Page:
The Yankees are looking for a bargain, and Mike Morse might fit the bill

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Michael Morse. (MLB.com)
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The New York Yankees have been quite busy this offseason, but much of the effort (and money) spent has been to lock in last season's team.

That's far from a tragedy for a 95-win team in 2012, best in the American League, but it doesn't protect them against any decline from their numerous aging players.

So the question now is: What players out there are available to them, on their current budget, that might help them fill in some of the gaps?

They've yet to find a catcher to replicate the production of Russell Martin, lost to the Pittsburgh Pirates. There's no one available who's anything like Martin, or an appreciable improvement over the catchers currently on the roster.

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The Yankees also haven't found an outfielder who can hit like Nick Swisher, who signed with the Cleveland Indians. 

Here, there's some hope, most likely in the form of Mike Morse of the Washington Nationals.

Morse is the odd man out, now that the Nationals re-signed Adam LaRoche to play first base. Denard Span, added via trade earlier this offseason, will play center field, while the corners are capably manned by Jayson Werth and Bryce Harper.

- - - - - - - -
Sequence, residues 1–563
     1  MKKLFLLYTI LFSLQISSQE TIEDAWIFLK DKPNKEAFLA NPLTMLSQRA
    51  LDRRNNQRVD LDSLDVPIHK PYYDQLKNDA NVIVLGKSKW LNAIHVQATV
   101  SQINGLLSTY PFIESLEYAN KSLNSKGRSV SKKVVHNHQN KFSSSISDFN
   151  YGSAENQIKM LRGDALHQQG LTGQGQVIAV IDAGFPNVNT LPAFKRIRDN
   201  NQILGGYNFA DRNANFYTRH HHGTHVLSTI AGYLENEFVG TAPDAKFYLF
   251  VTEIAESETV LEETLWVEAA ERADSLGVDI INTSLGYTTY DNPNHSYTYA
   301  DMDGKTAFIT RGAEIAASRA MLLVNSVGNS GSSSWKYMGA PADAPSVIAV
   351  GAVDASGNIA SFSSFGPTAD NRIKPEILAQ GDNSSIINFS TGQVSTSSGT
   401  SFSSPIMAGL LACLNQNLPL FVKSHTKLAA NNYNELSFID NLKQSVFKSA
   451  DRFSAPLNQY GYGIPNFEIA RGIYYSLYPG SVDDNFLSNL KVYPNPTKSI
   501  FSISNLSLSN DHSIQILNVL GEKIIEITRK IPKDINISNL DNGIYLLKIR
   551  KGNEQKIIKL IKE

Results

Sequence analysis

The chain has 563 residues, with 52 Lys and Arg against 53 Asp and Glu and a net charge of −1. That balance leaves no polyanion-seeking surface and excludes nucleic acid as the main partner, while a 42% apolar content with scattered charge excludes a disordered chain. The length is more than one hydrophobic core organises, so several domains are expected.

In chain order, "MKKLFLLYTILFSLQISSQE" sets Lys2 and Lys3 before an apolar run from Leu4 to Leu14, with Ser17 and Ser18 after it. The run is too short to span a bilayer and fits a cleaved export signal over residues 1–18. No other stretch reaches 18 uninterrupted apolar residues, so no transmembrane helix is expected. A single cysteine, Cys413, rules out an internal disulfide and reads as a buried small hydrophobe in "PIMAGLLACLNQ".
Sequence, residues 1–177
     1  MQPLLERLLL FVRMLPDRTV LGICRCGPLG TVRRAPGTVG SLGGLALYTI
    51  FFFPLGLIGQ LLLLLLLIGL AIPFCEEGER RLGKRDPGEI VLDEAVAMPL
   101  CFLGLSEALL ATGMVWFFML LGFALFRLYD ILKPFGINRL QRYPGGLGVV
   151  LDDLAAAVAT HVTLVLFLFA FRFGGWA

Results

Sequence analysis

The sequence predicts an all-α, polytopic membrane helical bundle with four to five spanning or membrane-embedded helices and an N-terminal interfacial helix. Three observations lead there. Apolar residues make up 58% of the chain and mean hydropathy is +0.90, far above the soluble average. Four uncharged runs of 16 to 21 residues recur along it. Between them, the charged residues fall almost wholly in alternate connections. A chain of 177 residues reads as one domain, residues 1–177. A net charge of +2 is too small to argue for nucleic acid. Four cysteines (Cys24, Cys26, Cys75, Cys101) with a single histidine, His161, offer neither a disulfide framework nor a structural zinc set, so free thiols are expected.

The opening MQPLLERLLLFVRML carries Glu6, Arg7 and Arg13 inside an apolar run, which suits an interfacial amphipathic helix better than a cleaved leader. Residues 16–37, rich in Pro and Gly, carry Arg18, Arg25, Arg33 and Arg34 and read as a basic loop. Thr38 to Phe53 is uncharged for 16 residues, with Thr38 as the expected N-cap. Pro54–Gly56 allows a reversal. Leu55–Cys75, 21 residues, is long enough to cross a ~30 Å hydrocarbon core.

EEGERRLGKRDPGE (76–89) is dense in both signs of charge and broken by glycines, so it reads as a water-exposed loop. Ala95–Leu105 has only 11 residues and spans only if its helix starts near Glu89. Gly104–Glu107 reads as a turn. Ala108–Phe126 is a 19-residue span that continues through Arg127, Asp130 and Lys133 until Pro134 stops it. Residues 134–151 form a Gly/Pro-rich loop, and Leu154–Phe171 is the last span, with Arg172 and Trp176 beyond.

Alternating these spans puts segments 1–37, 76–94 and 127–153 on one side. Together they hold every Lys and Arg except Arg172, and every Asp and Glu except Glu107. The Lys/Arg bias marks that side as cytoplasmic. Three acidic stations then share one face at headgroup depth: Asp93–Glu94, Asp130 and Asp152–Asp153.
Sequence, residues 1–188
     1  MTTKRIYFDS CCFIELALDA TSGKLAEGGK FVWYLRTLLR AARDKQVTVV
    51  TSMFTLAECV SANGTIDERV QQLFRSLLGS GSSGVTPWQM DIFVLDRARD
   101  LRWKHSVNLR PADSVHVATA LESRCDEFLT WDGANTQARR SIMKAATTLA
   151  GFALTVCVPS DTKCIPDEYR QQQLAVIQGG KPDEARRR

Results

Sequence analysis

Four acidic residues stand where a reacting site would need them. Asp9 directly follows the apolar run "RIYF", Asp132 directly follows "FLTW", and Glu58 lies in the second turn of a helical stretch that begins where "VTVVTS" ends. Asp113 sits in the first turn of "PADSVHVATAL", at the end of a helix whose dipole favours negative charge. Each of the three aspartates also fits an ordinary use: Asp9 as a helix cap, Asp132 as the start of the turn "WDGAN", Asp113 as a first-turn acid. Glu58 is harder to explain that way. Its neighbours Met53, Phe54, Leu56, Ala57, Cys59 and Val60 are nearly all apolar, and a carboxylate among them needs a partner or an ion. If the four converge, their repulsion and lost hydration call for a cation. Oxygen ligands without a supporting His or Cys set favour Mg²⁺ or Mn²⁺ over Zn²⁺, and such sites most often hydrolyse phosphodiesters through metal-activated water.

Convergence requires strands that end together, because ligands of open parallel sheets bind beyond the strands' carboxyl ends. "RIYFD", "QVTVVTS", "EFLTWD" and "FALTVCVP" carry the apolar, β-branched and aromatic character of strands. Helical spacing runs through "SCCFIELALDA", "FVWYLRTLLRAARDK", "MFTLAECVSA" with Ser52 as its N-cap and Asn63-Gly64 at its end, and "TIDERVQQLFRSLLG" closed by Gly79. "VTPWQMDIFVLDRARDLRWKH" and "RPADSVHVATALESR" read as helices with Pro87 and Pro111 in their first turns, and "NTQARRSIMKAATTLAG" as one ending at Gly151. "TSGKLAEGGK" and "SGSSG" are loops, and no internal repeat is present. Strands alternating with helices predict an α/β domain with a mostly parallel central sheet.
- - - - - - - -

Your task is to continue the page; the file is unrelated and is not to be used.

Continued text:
That leaves Morse without a position, and one year, $7 million left on his contract. Accordingly, many teams are interested. 

If the Yankees signed him, they would be adding a right-handed outfield bat to an outfield currently employing Ichiro Suzuki, Curtis Granderson and Brett Gardner, none of whom are weapons against left-handed pitching.

Morse is, with a career O.P.S. of .860 against them. But he is far from the platoon player Scott Hairston, the best remaining free agent outfielder, would be, with an .830 O.P.S. against righties, too. He's an elite hitter, no matter who's pitching, and he's going to be 31 in March. This ought to be a prime season.

And it would be quite the coup for the Yankees to add Morse as a replacement for Swisher, a comparable hitter, without needing to commit the four years, $56 million it took to sign Swisher this winter.

Comparing the last three years, Swisher posted an O.P.S.+ of 125. Morse, though not as durable, was actually better, with an O.P.S.+ of 132.

And of the remaining free agents, no one is close. Hairston, overall, is at 103, again with a platoon split Morse doesn't exhibit. Delmon Young checks in at 102, but with virtually identical platoon splits to Hairston. And no other free-agent outfielder has posted even league average offense over the past three seasons. 

If you gave truth serum to Nationals general manager Mike Rizzo, he'd probably tell you he prefers to keep Morse and deal Jayson Werth. But the long-term deal he signed Werth to has five years and $99 million left to run on it. Werth isn't going anywhere.

By contrast, Morse has a single-season contract, followed by free agency, which suits the Yankees' purposes. It means no commitment to Morse in 2014, when the team is working to reduce salary below $189 million to avoid luxury tax penalties. And the single season of control means Washington cannot ask very much in trade for Morse.

The Yankees are looking for a bargain. He could be it.